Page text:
Many pet owners have questions when a vet recommends an ultrasound like, what exactly is an ultrasound and how can it help your pet? Our North Providence vets explain how ultrasound scans are performed on pets in our in-house veterinary diagnostic lab.
Medical issues can happen to pets, it might be eating things they are not supposed to or developing health issues such as cysts or tumors that require treatment. Ultrasounds are a form of imaging technology that transmits sound waves into your pet’s body to produce a 'picture' of a specific part of the body.
Veterinary ultrasounds are non-invasive and can be used to diagnose or evaluate problems with your pet's internal organs or check on your pet's pregnancy.
Reasons Your Pet May Need An Ultrasound
An ultrasound can help our vets with conditions that fall under the umbrella term of internal medicine. The ultrasound is used to examine the structure of your pet’s organs so your vet can discover and identify blockages, tumors, or other problems.
At our animal hospital in North Providence ultrasounds are done in our in-house veterinary diagnostic laboratory. Our team of veterinary specialists uses ultrasounds and other diagnostic tools to provide an accurate diagnosis of your pet’s medical issues, so we can provide your pet with the most effective treatment possible.
Using ultrasounds, we can distinguish soft tissue masses from foreign bodies or fluid - a task we might find challenging or impossible to accomplish with a digital x-ray. The sound waves the ultrasound generates are not harmful or painful to your cat or dog.
Conditions That May Require An Ultrasound
If your cat or dog is diagnosed with a heart condition, your primary care vet may refer you to our specialists for a heart ultrasound or echocardiogram to evaluate the overall condition of your animal's heart and to look for abnormalities.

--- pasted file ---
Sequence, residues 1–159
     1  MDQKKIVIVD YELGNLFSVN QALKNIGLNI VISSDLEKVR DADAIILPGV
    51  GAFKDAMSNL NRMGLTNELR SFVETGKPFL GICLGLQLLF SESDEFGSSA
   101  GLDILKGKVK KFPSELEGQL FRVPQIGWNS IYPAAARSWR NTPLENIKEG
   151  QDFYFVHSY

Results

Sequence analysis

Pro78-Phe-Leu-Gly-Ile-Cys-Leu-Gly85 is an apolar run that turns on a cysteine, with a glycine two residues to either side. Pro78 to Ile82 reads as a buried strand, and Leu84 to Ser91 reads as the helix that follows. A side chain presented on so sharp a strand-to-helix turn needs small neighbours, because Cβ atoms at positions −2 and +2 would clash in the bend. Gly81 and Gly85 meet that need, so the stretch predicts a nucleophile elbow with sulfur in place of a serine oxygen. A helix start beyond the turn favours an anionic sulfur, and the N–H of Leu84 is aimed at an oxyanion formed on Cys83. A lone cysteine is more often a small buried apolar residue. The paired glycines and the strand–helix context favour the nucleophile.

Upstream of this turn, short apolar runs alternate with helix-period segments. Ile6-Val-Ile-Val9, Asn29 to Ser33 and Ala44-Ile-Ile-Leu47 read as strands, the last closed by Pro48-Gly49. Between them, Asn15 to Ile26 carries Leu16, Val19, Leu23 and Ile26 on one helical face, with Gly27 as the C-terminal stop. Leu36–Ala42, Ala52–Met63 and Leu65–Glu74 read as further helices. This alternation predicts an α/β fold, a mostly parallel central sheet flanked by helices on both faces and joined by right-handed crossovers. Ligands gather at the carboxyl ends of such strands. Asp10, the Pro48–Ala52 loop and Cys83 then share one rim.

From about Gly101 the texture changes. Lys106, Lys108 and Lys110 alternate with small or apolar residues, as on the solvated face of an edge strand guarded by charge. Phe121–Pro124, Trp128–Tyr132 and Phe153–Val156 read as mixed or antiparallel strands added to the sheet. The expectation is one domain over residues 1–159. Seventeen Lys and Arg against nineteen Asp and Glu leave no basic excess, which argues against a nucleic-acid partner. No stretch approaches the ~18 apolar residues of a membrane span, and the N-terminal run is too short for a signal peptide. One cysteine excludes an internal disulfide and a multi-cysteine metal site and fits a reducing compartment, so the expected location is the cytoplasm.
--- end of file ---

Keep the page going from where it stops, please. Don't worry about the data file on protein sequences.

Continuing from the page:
Abnormal Blood or Urine Test Results
If your vet discovers abnormalities in your pet’s blood or urine tests, they may recommend an abdominal ultrasound to get a clear picture of the health of your pet's internal organs such as the lymph nodes, spleen, kidneys, liver, urinary bladder, or other areas to learn why the abnormalities are occurring.
Examination of Soft Tissues
Almost all soft tissues can be examined thanks to ultrasound technology. A few of the most common areas that ultrasounds are used include:
- Fetal viability and development
- Thyroid glands
If abnormal tissue is spotted during an ultrasound, the vet may also use the ultrasound to help collect tissue samples from the affected area.
How To Prepare Your Pet for an Ultrasound
Ultrasounds in different areas require different preparations. Speak to your vet to find out how to prepare your pet for its ultrasound.
You may be required to withhold food and water for between 8 and 12 hours, particularly for abdominal ultrasounds. The urinary bladder can be best examined when it is full of urine. This is why your cat or dog should not urinate for about 3 to 6 hours before the ultrasound, if possible.
The area to be examined will likely be shaved so clear images can be produced. While most pets will remain still and cooperative during the ultrasound, some will need to be sedated.
If biopsies need to be done, your pet will need a heavy sedative or short-acting anesthetic to help them relax during the procedure and prevent potential complications that could impede success. Your veterinarian will let you know if this is necessary.
Getting Your Pet's Ultrasound Results
Because our veterinarians can perform an ultrasound in real-time, we can see results almost immediately. In some cases, ultrasound images will be sent to a veterinary radiologist after they’re captured for further consultation. In these cases, you may need to wait a few days for the final result.
Note: The advice provided in this post is intended for informational purposes and does not constitute medical advice regarding pets. For an accurate diagnosis of your pet's condition, please make an appointment with your vet.